Tubular diskectomy vs conventional microdiskectomy for sciatica: a randomized controlled trial.
until further notice
SourceJama : Journal of the American Medical Association, 302, 2, (2009), pp. 149-158
Article / Letter to editor
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Jama : Journal of the American Medical Association
SubjectNCEBP 2: Evaluation of complex medical interventions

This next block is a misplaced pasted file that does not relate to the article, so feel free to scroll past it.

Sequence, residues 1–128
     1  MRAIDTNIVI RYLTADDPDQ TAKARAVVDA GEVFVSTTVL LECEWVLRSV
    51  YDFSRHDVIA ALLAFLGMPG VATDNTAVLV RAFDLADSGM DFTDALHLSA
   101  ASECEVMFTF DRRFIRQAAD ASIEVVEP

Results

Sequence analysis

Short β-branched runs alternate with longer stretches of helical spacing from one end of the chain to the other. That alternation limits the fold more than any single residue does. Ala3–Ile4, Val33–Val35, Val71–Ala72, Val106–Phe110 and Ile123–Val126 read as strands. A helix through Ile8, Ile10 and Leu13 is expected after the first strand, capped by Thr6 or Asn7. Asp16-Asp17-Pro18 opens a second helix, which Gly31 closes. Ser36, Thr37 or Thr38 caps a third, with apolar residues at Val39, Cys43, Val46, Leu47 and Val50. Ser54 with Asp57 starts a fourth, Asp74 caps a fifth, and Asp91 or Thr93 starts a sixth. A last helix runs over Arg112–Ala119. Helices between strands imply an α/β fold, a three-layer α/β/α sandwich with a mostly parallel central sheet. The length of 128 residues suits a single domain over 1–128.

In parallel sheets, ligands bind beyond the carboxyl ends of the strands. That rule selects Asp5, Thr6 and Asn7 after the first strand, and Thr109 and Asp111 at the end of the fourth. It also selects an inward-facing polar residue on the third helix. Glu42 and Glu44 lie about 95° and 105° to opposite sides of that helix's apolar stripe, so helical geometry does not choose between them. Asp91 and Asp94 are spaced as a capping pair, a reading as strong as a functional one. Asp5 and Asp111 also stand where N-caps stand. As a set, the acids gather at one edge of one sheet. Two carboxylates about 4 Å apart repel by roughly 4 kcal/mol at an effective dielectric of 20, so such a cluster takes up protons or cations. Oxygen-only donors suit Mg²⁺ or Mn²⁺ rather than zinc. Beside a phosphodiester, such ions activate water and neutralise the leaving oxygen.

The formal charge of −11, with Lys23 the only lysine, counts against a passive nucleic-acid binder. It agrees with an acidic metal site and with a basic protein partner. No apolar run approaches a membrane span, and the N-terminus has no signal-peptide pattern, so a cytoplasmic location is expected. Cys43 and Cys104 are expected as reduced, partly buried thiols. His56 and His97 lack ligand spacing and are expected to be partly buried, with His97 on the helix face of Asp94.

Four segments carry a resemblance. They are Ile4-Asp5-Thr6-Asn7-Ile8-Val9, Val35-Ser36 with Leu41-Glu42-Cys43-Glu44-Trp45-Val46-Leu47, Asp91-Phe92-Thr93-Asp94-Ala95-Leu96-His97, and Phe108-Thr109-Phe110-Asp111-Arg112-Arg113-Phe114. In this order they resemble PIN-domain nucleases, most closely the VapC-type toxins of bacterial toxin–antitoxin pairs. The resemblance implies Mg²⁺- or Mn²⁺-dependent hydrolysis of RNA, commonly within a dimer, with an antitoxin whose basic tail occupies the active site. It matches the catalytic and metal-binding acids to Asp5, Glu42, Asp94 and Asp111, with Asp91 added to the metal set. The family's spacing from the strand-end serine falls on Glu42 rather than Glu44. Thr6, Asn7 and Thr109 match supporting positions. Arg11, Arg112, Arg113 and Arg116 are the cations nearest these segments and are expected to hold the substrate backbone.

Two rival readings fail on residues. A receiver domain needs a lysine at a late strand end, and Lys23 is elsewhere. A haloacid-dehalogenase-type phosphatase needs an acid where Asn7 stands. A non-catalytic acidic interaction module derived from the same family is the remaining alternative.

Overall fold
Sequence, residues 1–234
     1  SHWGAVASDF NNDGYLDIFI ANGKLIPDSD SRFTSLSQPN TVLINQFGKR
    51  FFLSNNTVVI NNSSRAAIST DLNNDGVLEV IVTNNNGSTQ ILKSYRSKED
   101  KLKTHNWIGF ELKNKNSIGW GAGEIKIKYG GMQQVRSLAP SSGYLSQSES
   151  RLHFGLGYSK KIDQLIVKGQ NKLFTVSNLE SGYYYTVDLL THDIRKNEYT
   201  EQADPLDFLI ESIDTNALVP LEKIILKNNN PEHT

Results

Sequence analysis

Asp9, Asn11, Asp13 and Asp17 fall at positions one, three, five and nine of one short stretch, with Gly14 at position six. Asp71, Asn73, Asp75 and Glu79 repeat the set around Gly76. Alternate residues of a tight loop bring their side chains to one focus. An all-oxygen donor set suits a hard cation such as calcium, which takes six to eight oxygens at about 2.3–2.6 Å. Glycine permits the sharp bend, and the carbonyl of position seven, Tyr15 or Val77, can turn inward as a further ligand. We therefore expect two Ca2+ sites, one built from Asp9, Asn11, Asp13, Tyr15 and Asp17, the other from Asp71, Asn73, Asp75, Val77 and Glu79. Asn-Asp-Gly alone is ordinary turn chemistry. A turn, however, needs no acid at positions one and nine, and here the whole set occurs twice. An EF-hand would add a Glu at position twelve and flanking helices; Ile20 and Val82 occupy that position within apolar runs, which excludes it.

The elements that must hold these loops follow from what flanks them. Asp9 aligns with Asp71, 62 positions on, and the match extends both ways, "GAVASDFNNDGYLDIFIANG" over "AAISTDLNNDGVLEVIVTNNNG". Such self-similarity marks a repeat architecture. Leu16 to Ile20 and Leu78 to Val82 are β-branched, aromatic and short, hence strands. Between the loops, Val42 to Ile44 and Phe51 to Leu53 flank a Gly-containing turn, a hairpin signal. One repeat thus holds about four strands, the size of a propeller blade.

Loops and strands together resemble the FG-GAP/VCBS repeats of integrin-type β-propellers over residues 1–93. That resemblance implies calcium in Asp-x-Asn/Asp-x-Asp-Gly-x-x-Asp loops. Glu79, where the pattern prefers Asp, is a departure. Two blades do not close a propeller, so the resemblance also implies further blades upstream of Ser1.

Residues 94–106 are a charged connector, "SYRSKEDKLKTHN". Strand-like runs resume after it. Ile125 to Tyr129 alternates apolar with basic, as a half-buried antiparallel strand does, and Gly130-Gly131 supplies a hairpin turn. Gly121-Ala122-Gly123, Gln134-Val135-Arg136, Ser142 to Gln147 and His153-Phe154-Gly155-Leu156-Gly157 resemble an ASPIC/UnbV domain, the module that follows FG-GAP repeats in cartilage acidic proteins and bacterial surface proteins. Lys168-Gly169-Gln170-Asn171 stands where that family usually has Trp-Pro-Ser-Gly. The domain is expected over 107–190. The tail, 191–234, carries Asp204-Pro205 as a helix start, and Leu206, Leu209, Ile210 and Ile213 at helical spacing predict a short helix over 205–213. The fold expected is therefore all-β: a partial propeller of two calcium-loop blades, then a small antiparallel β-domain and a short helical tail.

CONTEXT: Conventional microdiskectomy is the most frequently performed surgery for patients with sciatica due to lumbar disk herniation. Transmuscular tubular diskectomy has been introduced to increase the rate of recovery, although evidence is lacking of its efficacy. OBJECTIVE: To determine outcomes and time to recovery in patients treated with tubular diskectomy compared with conventional microdiskectomy. DESIGN, SETTING, AND PATIENTS: The Sciatica Micro-Endoscopic Diskectomy randomized controlled trial was conducted among 328 patients aged 18 to 70 years who had persistent leg pain (>8 weeks) due to lumbar disk herniations at 7 general hospitals in The Netherlands from January 2005 to October 2006. Patients and observers were blinded during the follow-up, which ended 1 year after final enrollment. INTERVENTIONS: Tubular diskectomy (n = 167) vs conventional microdiskectomy (n = 161). MAIN OUTCOME MEASURES: The primary outcome was functional assessment on the Roland-Morris Disability Questionnaire (RDQ) for sciatica (score range: 0-23, with higher scores indicating worse functional status) at 8 weeks and 1 year after randomization. Secondary outcomes were scores on the visual analog scale for leg pain and back pain (score range: 0-100 mm) and patient's self-report of recovery (measured on a Likert 7-point scale). RESULTS: Based on intention-to-treat analysis, the mean RDQ score during the first year after surgery was 6.2 (95% confidence interval [CI], 5.6 to 6.8) for tubular diskectomy and 5.4 (95% CI, 4.6 to 6.2) for conventional microdiskectomy (between-group mean difference, 0.8; 95% CI, -0.2 to 1.7). At 8 weeks after surgery, the RDQ mean (SE) score was 5.8 (0.4) for tubular diskectomy and 4.9 (0.5) for conventional microdiskectomy (between-group mean difference, 0.8; 95% CI, -0.4 to 2.1). At 1 year, the RDQ mean (SE) score was 4.7 (0.5) for tubular diskectomy and 3.4 (0.5) for conventional microdiskectomy (between-group mean difference, 1.3; 95% CI, 0.03 to 2.6) in favor of conventional microdiskectomy. On the visual analog scale, the 1-year between-group mean difference in improvement was 4.2 mm (95% CI, 0.9 to 7.5 mm) for leg pain and 3.5 mm (95% CI, 0.1 to 6.9 mm) for back pain in favor of conventional microdiskectomy. At 1 year, 107 of 156 patients (69%) assigned to tubular diskectomy reported a good recovery vs 120 of 151 patients (79%) assigned to conventional microdiskectomy (odds ratio, 0.59 [95% CI, 0.35 to 0.99]; P = .05). CONCLUSIONS: Use of tubular diskectomy compared with conventional microdiskectomy did not result in a statistically significant improvement in the Roland-Morris Disability Questionnaire score. Tubular diskectomy resulted in less favorable results for patient self-reported leg pain, back pain, and recovery. TRIAL REGISTRATION: isrctn.org Identifier: ISRCTN51857546.
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